Of Criminal Trespass

441.  Criminal trespass.--Whoever enters into or upon property in the possession of another with intent to commit an offence or to intimidate, insult or annoy any person in possession of such property,

or, having lawfully entered into or upon such property, unlawfully remains there with intent thereby to intimidate, insult or annoy any such person, or with intent to commit an offence, is said to commit "criminal trespass".


Difference between civil trespass by way of taking possession of property without consent of the person in possession and criminal trespass for which insult or annoyance to  person  in  possession  is  a  condition  precedent.  S. 441 of PPC show that a person would not be annoyed or intimidated in absentia. Charge of criminal trespass would not be sustainable. PLJ 2008 Lahore 593.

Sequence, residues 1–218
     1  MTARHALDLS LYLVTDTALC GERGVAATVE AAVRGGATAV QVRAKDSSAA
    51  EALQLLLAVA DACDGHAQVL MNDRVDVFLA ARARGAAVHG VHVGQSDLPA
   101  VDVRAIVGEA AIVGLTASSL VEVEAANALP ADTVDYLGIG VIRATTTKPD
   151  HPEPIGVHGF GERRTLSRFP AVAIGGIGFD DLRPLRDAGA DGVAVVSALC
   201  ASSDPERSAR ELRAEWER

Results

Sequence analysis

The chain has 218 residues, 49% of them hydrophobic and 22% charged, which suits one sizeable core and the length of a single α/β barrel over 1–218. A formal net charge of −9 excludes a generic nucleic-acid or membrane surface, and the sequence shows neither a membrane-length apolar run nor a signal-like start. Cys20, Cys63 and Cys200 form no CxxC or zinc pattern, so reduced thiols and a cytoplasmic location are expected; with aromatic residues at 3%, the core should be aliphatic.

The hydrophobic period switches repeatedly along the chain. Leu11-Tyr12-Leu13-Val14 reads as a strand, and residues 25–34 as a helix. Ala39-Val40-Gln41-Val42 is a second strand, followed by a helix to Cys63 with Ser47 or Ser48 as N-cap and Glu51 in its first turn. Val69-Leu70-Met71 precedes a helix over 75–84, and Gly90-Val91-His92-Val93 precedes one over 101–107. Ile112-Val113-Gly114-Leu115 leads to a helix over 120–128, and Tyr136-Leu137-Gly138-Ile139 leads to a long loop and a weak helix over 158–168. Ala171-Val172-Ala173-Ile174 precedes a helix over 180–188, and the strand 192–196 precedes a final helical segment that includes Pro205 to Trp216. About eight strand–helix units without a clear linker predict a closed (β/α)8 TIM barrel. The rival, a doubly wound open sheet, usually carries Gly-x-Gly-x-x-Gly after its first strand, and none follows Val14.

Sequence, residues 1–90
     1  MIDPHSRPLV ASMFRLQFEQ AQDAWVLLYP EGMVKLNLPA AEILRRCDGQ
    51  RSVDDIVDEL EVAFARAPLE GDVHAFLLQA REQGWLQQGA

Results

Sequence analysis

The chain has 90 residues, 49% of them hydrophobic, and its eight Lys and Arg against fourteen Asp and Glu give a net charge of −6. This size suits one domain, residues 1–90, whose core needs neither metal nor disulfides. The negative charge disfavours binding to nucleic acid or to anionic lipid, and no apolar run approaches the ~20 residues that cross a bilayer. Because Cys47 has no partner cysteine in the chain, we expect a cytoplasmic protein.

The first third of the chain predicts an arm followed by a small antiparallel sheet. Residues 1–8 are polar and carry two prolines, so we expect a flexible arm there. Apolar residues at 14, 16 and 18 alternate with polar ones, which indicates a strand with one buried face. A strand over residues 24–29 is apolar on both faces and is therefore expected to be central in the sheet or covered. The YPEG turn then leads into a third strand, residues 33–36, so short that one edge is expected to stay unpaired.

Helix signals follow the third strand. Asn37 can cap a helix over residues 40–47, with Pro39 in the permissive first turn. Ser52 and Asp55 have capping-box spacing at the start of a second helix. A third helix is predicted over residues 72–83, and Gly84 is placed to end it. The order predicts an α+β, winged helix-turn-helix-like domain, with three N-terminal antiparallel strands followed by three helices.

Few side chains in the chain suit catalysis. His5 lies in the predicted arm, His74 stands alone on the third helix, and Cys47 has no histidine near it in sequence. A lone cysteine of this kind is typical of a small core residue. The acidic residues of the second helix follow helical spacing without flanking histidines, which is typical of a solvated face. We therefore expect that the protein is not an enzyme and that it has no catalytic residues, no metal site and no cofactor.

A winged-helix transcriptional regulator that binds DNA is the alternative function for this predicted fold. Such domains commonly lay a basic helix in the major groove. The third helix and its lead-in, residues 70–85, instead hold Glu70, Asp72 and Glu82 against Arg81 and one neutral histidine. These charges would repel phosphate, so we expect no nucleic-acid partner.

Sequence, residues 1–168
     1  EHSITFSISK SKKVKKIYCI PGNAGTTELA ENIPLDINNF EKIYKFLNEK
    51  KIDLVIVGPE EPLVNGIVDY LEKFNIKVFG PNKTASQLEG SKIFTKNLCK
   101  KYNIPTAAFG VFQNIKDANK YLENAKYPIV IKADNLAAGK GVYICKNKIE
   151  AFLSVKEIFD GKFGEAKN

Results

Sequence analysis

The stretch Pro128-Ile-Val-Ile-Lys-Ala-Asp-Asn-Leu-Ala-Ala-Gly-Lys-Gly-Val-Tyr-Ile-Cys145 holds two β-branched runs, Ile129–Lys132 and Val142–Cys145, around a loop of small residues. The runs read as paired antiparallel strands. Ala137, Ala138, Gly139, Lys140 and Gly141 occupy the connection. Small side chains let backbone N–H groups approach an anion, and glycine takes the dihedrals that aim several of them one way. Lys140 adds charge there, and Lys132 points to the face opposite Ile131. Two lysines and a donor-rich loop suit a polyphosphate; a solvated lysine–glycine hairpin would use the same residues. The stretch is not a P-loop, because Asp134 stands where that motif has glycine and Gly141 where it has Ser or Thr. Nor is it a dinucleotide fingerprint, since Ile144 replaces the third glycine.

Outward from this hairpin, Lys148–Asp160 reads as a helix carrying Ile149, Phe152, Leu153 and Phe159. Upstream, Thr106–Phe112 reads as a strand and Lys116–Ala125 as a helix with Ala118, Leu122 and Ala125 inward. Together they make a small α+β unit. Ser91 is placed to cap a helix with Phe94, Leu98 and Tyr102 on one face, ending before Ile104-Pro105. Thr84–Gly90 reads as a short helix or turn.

Trespasser cannot claim right of self-defence unless brings to end his own act of trespass. PLD 1983 S.C. 135. Mere knowledge that a particular consequence might follow. Not sufficient to bring at trespass with the mischief of this Section. PLD 1965 S.C. 640.

Co-sharer, in a joint Khata was sharer in every piece and parcel of land. Prosecution, in order to establish offence of `criminal trespass', must prove that real or dominant intent of entry in property was to commit an offence or to insult, intimidate or annoy the occupant and that any claim of right was a mere cloak to cover the real intent or at any rate constituted not more than a subsidiary intent. Entry on land made under a bona fide claim, how ill-founded in law the claim might be, would not become criminal merely because a foreseen consequence of entry was annoyance to occupant. Petitioner/accused under a bona fide claim being co-sharer/co-owner of property, having entered into land in dispute, had not committed any trespass. F.I.R. was quashed in circumstances. 2006 PCr.LJ 539.